As physicians, we are, no doubt, familiar with the concept of “shared decision making (SDM),” in which both the clinician and patient (and/or parents) express their opinions and values and a decision about how to proceed is made together. (For her part, the previously mentioned 4-year-old tried to engage in shared decision making with my wife and me when we told her she was going to have a little brother: “I don’t want a little brother. Can I have a sister instead?”). Our adult colleagues have embraced SDM in recent RA Treat to Target recommendations (Overarching Principle A: “The treatment of RA must be based on a shared decision between patient and rheumatologist.”). In other chronic diseases, SDM has been shown to improve adherence and, in pediatrics, SDM has been associated with decreased decisional conflict and improved knowledge.
So it’s no surprise that 75% of pediatric rheumatologists and gastroenterologists (no difference in responses between the two specialties) say that SDM is their typical approach initiating anti-TNFα agents, as reported in a recent paper in the Journal of Pediatrics by colleagues at Cincinnati Children’s Hospital (including CARRA’s own Dan Lovell). In this study, use of SDM was assessed by presenting 4 examples of approaches to treatment decision making and asking which the respondent would use. They then asked what factors facilitated SDM and found that parent trust and parent emotional readiness were very helpful. When using SDM with adolescents, patient trust, emotional readiness, and the patient being ready for the discussion were thought to facilitate the discussion.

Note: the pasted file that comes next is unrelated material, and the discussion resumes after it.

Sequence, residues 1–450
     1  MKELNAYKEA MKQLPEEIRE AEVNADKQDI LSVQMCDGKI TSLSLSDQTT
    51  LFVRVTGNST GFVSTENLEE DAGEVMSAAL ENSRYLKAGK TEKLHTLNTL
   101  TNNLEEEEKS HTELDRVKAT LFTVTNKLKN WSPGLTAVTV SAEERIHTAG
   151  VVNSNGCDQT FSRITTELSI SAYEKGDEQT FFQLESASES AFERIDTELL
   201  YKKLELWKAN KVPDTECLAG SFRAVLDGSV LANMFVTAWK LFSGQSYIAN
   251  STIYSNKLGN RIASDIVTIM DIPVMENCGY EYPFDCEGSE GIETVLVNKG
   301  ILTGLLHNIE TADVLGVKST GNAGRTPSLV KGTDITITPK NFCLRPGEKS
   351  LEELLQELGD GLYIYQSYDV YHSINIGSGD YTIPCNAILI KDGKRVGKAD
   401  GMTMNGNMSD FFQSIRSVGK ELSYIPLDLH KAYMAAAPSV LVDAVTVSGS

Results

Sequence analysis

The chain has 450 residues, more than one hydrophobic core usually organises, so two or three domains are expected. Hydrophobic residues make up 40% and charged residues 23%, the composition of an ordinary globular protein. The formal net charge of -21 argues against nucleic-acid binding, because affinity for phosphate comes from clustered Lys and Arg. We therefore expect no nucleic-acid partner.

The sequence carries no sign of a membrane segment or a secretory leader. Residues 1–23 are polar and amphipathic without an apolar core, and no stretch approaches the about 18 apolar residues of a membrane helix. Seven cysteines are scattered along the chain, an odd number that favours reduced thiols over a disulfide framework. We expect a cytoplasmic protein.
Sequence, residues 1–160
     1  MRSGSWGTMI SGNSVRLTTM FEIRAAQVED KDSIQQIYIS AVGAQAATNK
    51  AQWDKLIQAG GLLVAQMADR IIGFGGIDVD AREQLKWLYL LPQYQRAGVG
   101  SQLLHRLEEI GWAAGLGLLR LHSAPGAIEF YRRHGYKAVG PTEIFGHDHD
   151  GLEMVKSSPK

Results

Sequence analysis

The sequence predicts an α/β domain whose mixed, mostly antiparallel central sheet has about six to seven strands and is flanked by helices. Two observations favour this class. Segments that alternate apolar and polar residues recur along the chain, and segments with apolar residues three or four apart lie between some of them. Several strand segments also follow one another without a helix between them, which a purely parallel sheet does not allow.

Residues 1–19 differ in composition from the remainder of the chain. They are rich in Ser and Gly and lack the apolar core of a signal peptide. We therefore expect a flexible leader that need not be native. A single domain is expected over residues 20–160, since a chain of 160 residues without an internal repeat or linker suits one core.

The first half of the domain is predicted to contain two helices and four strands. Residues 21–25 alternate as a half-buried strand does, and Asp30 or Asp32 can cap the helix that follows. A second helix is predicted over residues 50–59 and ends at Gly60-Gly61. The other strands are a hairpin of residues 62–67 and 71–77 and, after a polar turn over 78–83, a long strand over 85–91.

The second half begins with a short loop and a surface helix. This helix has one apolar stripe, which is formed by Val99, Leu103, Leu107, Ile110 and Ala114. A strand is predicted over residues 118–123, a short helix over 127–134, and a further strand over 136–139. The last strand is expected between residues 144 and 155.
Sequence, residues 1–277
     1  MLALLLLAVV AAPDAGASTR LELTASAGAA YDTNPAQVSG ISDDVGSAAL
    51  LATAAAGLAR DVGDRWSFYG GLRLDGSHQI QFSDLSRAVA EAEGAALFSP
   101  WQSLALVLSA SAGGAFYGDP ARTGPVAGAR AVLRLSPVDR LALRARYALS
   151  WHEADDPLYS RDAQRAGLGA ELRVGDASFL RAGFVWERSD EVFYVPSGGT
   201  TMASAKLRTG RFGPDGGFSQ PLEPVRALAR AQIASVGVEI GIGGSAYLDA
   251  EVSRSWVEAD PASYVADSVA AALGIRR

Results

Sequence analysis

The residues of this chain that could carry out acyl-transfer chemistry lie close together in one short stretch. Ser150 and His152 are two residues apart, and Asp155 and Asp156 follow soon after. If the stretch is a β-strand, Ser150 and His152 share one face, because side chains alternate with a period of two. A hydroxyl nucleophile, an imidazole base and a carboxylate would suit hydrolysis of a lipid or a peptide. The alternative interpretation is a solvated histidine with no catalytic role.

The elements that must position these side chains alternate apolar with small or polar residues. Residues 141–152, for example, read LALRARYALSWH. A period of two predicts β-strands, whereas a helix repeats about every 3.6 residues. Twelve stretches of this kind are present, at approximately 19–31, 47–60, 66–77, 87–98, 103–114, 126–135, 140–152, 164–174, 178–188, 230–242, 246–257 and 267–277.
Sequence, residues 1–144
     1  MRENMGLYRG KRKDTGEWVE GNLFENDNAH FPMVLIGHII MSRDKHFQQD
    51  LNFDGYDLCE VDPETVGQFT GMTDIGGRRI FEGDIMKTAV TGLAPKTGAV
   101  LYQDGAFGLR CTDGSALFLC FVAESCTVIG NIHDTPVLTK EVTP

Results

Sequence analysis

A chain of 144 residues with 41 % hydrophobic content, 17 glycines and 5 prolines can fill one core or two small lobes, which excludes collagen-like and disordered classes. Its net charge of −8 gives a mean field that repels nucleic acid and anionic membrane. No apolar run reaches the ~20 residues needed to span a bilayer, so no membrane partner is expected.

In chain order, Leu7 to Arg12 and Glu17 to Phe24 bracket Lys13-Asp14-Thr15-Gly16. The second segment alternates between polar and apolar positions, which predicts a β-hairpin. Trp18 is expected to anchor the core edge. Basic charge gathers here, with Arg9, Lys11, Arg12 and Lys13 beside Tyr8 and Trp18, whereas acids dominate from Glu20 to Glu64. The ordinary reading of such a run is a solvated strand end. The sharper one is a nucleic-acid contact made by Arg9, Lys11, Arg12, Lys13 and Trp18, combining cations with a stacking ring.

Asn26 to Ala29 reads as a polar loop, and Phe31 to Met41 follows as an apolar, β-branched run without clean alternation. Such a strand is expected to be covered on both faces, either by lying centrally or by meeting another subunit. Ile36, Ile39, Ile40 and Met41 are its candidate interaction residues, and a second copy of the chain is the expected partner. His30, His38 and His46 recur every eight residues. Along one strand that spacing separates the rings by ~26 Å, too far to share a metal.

They also investigated what kept pediatric rheumatologists and gastroenterologists from using SDM. They found that insurance limitations and adolescent difficulty with accepting the diagnosis were the main hindrances. We’ve all had the adolescent who refuses to believe he or she is sick. That patient’s preferences include “Let me go home.”
But what really caught my eye is that the same group of authors found that what we say we should be doing is not actually what happens in the real world. They observed real clinic visits with pediatric rheumatologists and gastroenterologists where prescribing biologics was discussed. In almost all of these discussions, the patient was not included in the discussion. In most discussions, the provider provided detailed information about his or her preferred treatment option, and there was not much elicitation of parental preferences, treatment goals, or parental knowledge. Even though it was rarely requested, an explicit treatment recommendation was given in almost all visits. Most surprising, in 1/3 of visits, a treatment decision was never made explicit but the provider took steps to implement the preferred treatment.